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« September 2007 | Main | November 2007 »

The Challenges Faced on the Field

From Dr. Kiran Nakarmi, plastic surgeon and director of Interplast’s Surgical Outreach Center in Nepal:

Our team was on an outreach trip in Lumbini Nursing Home in Butwal, Nepal. Toward the end of our stay, we were informed by one of the parents about a child living with a cleft lip in his village. The child belonged to a fishing community which represents the poorest society in Nepal. The fishing community is referred to as Bote. They subsist solely on fishing, owning no land to farm or property.

In the Bote community, men have the reputation of spending their leftover money on alcohol and not caring well for their children. The women typically don’t travel outside the village, making it virtually impossible for the child to reach us for surgery.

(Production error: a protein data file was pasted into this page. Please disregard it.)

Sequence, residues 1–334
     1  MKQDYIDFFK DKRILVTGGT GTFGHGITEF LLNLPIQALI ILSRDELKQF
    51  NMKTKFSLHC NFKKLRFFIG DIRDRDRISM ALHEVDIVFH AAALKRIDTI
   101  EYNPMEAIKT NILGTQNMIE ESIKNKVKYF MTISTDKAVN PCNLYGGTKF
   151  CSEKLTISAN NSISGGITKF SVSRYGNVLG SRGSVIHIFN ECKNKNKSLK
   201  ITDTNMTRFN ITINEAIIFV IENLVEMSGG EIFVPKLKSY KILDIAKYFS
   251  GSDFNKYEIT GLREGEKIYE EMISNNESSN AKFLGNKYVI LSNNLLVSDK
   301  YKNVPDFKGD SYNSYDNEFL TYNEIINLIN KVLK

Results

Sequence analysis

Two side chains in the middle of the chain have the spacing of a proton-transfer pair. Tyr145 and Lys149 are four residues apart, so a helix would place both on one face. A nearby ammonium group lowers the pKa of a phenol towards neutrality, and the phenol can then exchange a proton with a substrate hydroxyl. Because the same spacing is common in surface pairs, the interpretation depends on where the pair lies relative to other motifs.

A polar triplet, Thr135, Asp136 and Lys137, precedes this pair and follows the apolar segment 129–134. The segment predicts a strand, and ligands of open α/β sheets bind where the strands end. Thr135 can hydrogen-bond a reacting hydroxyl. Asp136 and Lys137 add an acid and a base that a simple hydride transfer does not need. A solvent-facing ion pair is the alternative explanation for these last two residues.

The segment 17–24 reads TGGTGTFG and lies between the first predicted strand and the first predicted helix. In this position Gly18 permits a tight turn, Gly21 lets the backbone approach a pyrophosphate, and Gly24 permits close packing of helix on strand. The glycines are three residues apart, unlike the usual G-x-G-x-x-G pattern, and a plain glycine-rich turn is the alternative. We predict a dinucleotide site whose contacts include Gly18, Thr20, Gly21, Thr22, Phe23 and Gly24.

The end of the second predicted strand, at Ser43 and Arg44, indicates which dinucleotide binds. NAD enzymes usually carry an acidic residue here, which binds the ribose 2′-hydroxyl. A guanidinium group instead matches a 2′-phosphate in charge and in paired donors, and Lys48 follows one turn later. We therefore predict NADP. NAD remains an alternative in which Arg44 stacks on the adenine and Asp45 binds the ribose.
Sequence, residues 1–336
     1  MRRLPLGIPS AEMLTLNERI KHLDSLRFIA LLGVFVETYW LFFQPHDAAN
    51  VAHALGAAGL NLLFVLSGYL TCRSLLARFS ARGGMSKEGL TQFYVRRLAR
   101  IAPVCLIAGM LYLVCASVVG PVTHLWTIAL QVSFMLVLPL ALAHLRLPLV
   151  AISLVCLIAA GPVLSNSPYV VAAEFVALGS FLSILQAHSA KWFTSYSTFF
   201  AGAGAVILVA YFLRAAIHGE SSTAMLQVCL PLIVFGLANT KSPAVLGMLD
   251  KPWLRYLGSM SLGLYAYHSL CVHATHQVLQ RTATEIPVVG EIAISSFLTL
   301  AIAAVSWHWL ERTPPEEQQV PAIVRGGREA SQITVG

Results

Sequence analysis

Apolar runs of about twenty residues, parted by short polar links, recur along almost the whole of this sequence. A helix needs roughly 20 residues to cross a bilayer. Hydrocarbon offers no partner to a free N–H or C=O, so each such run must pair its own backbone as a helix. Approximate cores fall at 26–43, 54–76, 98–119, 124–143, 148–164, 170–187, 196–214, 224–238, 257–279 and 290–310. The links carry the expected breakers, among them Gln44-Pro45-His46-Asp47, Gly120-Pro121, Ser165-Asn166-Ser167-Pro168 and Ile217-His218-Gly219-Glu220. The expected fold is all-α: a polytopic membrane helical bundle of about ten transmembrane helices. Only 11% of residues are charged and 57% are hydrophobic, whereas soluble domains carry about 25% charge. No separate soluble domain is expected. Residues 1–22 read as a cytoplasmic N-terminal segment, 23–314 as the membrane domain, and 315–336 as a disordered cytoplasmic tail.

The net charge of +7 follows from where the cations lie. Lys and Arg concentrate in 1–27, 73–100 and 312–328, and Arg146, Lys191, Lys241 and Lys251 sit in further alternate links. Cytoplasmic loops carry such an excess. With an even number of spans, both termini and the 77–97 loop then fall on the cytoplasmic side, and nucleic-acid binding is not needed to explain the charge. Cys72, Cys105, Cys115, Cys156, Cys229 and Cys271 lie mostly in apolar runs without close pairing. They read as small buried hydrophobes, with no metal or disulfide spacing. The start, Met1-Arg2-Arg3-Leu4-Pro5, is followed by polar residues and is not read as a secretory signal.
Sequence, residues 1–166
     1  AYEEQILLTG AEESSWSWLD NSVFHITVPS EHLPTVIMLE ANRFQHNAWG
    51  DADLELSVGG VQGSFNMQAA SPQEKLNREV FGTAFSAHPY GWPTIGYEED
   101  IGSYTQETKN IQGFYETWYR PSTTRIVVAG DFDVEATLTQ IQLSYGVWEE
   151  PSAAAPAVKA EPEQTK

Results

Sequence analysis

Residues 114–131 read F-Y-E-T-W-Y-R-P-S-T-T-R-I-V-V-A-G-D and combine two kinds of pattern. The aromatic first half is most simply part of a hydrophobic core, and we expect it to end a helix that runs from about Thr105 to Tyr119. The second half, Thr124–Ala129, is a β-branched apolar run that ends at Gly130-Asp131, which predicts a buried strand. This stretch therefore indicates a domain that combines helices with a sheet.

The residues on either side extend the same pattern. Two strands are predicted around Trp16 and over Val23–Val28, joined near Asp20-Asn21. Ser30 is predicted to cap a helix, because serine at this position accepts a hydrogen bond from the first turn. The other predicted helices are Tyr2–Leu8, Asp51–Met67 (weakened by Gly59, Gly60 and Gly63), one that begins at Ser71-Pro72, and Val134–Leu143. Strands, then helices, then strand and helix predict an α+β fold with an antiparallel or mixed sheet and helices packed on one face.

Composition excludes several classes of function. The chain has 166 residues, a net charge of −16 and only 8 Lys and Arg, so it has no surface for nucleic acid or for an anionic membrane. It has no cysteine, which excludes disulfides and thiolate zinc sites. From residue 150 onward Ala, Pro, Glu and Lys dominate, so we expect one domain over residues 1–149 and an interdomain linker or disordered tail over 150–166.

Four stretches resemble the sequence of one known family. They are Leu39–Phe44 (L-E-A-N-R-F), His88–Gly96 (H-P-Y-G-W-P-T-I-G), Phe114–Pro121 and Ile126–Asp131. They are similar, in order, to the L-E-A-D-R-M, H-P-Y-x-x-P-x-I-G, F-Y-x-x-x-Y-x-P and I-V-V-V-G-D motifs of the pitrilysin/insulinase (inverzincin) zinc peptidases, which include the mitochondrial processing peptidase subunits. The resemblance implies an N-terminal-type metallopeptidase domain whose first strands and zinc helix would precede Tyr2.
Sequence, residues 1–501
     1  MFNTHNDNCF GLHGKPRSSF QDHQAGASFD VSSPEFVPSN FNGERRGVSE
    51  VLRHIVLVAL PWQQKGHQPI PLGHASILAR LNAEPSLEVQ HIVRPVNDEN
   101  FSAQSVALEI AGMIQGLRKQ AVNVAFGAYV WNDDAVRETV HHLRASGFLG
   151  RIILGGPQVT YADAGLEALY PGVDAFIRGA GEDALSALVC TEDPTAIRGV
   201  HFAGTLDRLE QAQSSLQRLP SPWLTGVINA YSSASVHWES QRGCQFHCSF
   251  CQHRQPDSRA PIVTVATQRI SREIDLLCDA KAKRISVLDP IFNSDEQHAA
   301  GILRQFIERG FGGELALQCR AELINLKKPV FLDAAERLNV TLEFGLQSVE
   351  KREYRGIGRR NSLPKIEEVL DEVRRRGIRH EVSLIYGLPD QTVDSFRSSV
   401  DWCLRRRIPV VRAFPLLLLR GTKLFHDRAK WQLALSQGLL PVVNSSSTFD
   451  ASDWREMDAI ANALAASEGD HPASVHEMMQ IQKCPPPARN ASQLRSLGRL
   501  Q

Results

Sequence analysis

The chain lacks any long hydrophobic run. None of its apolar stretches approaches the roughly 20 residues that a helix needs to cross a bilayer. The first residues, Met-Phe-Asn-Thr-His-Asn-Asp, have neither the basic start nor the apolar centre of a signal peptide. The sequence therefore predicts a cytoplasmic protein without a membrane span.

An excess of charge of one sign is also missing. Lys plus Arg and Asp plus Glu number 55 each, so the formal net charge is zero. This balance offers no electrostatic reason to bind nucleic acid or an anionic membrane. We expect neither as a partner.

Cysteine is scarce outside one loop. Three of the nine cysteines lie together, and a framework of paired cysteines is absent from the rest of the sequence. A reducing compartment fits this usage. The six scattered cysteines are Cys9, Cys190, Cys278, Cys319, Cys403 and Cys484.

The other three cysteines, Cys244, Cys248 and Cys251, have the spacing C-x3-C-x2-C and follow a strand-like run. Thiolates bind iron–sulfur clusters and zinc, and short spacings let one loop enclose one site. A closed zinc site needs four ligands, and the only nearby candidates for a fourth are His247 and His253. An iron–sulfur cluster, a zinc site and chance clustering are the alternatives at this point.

We were able to get the phone number for the only phone available in the entire village. With some persistence, we were able to convince the phone owner to call the child along with his father. We then kept the father on the phone for a few hours while we could arrive to see the child.

We left Butwal at 6 pm and arrived at the village at 9 pm. The monsoon rain had begun to fall, and the narrow road was full of bends, making our drive an unpleasant experience. We finally reached the Kaligandaki River and found it was swollen due to the monsoon rain. Since the road ended there, we had to cross the river using a suspension bridge and walk through the middle of a jungle to reach the village.

When we finally arrived, we found to our dismay that after waiting a few hours the father had already left with the child. Disheartened we drove back to a nearby hydroelectricity station where a phone was available. We called the village again and arranged the child be brought there. Finally, around 10 pm we were able to see the child. We drove him back to Butwal with us and he was kept in the hospital overnight.